Introduction

Realism and Naturalism are two distinct art movements which began in the nineteenth century. While these seem similar, they have certain points of difference. Realism is a movement that centres on the tendency to depict the reality of the world, or more commonly said to show ‘things as they are’.

Naturalism is the philosophy that believes that nature is the only reality and the natural order is the only true order of the world. Unlike Romanticism which emphasised on the supernatural, Naturalism stressed on the natural laws.

Naturalism as a movement is so centred on the natural aspects that it ignores the social or the political ones. Both these movements were opposed to the artificiality of the Romantics who presented beautified pictures of the world.

A Reaction Against Romanticism

Realism and Naturalism emerged as reactions against Romanticism. Romanticism had emphasised the faculties of imagination and the need to represent things with a colouring of imagination. The supernatural had been a favourite among Romantics like Coleridge, Byron and Mary Shelley.

Realists sought to challenge this. They saw such idealism as devoid of truth. They wanted to present literature as a mirror image of the world, or at least replicate the real world as closely as possible. Thus, the movement of Realism began with writers trying to present factual truths and objective realities. There was little or no ornamentation in terms of use of symbols. 

What is Realism in English Literature?

Realism can be simply be understood as the tendency among writers and poets to describe things realistically, that is, without any exaggerations or distortions. The French Revolution had destroyed the idealized conception of the world. It had brought forth the harsh realities that were far different from the glorified pictures presented in art for the sake of aesthetics.

Since these realities were typical of the middle classes, Realism is primarily associated with the middle class. The Realists abandoned the romanticised notions in favour of the more raw and true ones. The Realists focussed on giving objective depictions in their works.

Honoré de Balzac was an early French realist novelist. George Eliot and Charles Dickens wrote novels that presented the realities of Industrialisation. The subjects treated in realist novels were ordinary. The characters and even the protagonist were not heroic or extraordinary. The settings were mundane and their writing style had barely any exoticism. The matters and themes were commonplace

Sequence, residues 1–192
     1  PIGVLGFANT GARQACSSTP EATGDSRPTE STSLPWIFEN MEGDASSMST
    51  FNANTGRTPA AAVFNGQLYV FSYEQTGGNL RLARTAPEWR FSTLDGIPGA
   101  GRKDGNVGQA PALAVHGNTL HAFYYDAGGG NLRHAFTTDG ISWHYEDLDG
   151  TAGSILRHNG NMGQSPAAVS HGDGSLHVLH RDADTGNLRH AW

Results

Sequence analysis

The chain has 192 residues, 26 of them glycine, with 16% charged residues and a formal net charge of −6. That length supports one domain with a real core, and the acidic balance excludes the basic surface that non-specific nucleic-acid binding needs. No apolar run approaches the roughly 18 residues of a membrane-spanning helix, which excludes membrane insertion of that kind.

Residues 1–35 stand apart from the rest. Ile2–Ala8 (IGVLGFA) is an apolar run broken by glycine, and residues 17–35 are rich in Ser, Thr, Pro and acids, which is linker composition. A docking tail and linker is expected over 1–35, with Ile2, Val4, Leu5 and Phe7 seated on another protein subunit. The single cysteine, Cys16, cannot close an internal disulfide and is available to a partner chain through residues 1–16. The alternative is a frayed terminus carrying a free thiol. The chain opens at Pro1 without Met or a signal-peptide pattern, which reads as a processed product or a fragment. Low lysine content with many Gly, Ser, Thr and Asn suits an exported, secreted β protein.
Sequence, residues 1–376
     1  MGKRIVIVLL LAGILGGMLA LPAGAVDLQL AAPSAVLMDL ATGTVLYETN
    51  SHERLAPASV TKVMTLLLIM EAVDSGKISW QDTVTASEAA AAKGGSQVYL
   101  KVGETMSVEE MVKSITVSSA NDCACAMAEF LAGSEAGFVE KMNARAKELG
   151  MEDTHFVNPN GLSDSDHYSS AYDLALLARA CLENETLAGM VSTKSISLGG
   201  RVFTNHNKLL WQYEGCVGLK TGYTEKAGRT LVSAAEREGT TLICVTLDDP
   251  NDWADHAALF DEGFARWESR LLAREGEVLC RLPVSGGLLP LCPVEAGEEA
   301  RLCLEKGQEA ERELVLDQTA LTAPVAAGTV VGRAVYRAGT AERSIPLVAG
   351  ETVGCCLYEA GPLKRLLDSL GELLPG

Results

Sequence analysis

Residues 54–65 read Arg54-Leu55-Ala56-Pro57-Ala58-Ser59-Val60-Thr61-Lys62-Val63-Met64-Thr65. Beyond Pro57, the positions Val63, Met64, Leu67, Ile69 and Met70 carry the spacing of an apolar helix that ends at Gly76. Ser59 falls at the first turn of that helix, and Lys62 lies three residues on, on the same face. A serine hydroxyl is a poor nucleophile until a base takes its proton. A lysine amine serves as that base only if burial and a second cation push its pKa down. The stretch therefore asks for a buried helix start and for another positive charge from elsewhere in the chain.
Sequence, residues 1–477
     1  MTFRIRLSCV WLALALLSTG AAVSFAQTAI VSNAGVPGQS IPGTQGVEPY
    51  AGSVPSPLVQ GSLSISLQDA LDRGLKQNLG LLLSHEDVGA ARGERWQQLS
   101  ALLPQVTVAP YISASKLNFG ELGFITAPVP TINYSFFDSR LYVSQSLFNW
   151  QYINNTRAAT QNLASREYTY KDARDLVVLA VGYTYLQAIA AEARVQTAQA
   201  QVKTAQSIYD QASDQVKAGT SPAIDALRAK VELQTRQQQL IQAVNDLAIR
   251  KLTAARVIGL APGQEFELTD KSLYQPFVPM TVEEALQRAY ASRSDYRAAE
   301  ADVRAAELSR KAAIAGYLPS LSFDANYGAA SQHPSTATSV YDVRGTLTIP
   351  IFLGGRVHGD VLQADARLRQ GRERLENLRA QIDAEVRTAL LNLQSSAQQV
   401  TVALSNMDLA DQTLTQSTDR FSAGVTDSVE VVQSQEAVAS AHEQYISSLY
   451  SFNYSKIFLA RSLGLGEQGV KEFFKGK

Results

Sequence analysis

What is Naturalism in English Literature?

Naturalism was born out of Realism. Naturalism can thus be seen as a sub-category of Realism. The Naturalists ardently rejected the idealisation and dramatization. They also abandoned the value that Realists had attributed to objectivity. Naturalism was based on theory of evolution of Charles Darwin. Thus, Naturalism took the spirit of Realism a step further. Naturalism is a kind of extreme realism.

The Naturalists focussed on the innate human nature and the drives inherent in humans and animals. The characters in Naturalist literature were governed by their environment. Their lives were centred around and even determined by their natural urges and drives. The societal norms were compulsions for such characters.

Naturalism in literature can be traced back to the French novelist Émile Zola. In his 1980 work titled “The Experimental Novel”, Zola gave his ideas of a naturalistic novel. Naturalism in America first came to be associated with the American novelist Frank Norris. Though Norris was also a naturalist, his brand of Naturalism was somewhat different from that of Zola. Stephen Crane was another Naturalist writer. His short stories like The Open Boat are often cited as best examples of Naturalist literature.

Realism and Naturalism Summed Up

Thus, both Realism and Naturalism rejected the picturesque, heroic and beautified ideas of Romanticism. Realism sought to show the real conditions of human society. Naturalism showed the more natural or inherent human nature and was detached from the social world. Both these movements produced great writers and literary masterpieces.